The Everything Building Envelope podcast ventured into the topic of infrared technology recently, with Terry Malagoli and Ilsa McIntyre of Infrared Testing Inc. on hand to discuss how the technology is benefiting the building industry.
Infrared Testing Inc., based in Chicago, has grown from its modest beginnings in 1990, to a multi-million dollar corporation with a global presence. Terry Malogoli, founder and CEO, and company executive Ilsa McIntyre joined podcast host Chris Matthews to talk about how infrared technology is assisting with new requirements for testing and verifying building performance.
Infrared Testing for Building Commissioning
Testing and assessing the components of the building system — a top-to-bottom systems check referred to as building commissioning — to ensure that they are performing to optimal level has become common practice in the building industry. Building commissioning is essential for LEED certification and is required in the building codes of some states, such as California, to complement energy efficiency codes.
While building commissioning is usually associated with new construction, it’s also applied to older buildings that have taken on new life with re-development. Continuous commissioning is another facet of the practice that is gaining a foothold in the industry. Developed by Texas A&M University in response to the increased use of advanced technology, or IoT, in contemporary buildings, continuous commissioning tracks the efficiency of the building operations on an ongoing basis.
Infrared technology is proving to be an invaluable tool for building commissioning, able to detect areas of concern with minimal disturbance to the structure. Thermal imaging allows non-invasive exploratory work to identify leaks or faults in construction, to help building professionals like Chris Matthews know where to focus more in-depth visual analysis and physical inspection.
Infrared Testing for Energy Efficiency
Infrared technology first made inroads in the building industry in the 1970s, when fuel prices galvanized interest in reducing energy consumption. Energy efficiency remains a core service for the use of infrared, which allows precise pinpointing of areas that are leading to excessive energy use.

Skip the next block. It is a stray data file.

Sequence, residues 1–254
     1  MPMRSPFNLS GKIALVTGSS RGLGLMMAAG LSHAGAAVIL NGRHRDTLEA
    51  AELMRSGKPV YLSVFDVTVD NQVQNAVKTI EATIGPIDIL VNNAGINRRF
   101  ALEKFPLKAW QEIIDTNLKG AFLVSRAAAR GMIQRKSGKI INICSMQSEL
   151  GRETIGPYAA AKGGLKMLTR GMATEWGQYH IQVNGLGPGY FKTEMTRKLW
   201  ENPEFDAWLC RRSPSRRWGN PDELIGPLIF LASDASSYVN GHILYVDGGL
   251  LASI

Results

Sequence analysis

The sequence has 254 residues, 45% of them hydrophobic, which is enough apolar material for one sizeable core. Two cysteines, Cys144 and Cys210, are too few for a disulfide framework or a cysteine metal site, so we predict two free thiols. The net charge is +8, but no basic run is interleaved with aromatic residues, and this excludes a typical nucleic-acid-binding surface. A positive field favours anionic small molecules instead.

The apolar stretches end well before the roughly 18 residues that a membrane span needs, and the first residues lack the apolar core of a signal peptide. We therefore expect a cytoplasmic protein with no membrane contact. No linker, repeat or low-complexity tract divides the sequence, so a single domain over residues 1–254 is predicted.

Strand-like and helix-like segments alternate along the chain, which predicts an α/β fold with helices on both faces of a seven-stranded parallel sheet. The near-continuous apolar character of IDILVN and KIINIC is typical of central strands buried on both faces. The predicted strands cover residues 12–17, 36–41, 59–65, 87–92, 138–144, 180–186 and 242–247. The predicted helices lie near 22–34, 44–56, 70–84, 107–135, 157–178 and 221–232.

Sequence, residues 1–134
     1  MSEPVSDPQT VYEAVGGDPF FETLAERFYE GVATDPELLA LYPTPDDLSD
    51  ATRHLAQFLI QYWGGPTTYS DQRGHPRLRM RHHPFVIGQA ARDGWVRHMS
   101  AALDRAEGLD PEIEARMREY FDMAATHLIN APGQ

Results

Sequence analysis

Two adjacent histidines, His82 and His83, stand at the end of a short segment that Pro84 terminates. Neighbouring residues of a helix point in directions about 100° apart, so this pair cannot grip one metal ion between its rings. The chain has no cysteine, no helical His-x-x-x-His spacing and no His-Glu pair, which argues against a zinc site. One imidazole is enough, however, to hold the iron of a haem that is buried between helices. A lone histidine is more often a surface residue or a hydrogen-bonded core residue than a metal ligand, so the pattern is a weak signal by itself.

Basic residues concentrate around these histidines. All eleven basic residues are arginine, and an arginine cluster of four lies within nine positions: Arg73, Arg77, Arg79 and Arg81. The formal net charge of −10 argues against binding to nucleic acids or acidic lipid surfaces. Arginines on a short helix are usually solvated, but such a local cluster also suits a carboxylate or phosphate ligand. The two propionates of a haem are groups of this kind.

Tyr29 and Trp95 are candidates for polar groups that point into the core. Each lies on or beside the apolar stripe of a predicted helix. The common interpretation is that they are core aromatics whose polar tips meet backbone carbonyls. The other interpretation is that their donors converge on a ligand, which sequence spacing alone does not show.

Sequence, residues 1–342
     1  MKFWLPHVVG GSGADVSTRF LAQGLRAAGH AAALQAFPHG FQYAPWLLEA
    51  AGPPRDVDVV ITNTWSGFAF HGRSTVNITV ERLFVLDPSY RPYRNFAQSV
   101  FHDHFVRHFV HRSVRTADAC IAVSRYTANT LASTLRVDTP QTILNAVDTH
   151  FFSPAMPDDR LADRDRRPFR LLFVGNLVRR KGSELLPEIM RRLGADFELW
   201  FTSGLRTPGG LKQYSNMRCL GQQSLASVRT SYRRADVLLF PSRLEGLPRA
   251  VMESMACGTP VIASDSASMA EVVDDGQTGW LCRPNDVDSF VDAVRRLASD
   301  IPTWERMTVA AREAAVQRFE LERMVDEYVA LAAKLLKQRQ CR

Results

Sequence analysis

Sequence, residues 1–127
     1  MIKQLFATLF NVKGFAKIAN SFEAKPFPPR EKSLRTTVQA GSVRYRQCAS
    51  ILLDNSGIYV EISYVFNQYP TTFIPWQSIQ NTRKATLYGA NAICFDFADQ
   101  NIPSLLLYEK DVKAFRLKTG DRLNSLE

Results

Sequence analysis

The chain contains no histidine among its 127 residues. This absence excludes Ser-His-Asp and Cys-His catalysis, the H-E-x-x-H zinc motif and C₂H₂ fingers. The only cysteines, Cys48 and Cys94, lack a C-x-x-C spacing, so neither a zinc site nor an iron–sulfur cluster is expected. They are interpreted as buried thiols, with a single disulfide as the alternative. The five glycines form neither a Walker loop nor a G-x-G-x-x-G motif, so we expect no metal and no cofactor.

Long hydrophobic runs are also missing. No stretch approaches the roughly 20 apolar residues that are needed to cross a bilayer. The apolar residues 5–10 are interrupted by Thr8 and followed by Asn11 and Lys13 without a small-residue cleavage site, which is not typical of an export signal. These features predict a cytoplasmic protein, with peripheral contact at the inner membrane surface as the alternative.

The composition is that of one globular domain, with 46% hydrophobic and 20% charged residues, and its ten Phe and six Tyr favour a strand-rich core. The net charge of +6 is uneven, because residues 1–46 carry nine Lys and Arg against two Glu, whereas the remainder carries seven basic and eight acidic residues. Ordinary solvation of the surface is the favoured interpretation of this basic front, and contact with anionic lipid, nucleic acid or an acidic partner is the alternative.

Texas A&M University estimates up to one-fifth of the energy consumed in an average commercial building is wasted, due to poorly operating systems. Energy waste is also a threat to the longevity of the systems in the building, as well as the health of people who live or work there. Leaks that lead to waste aren’t always easy to find and that’s where infrared testing yields results.
Pinpointing the source of those elusive leaks that lead to escalating utility bills and “sick building syndrome” are a real-world example of where infrared testing contributes to providing cost-effective solutions for healthier, more efficient, buildings.
Bring on the Drones
Drone inspections have revolutionized the operations at Infrared Testing Inc., as Ilsa notes. Outfitted with thermal cameras, drones are sent to record roofs and overhangs, producing full, 360-degree views of every corner of the building that is otherwise inaccessible to the eye.
Drones have also opened up opportunities to apply infrared technology to the larger landscape. Infrared Testing Inc. has recently assisted with investigations of problems in transmission distribution lines in California — issues that could lead to widespread system failure, or even increase the intensity of wildfires, if left undetected.
Listen to the full conversation between Terry Malagoli and Ilsa McIntyre of Infrared Testing Inc. and Chris Matthews at Everything Building Podcast. While you’re there, take the opportunity to subscribe for upcoming discussions between the crew at GCI Consultants and other building industry experts.
You can find contact information, and more about the services of Infrared Testing Inc., here.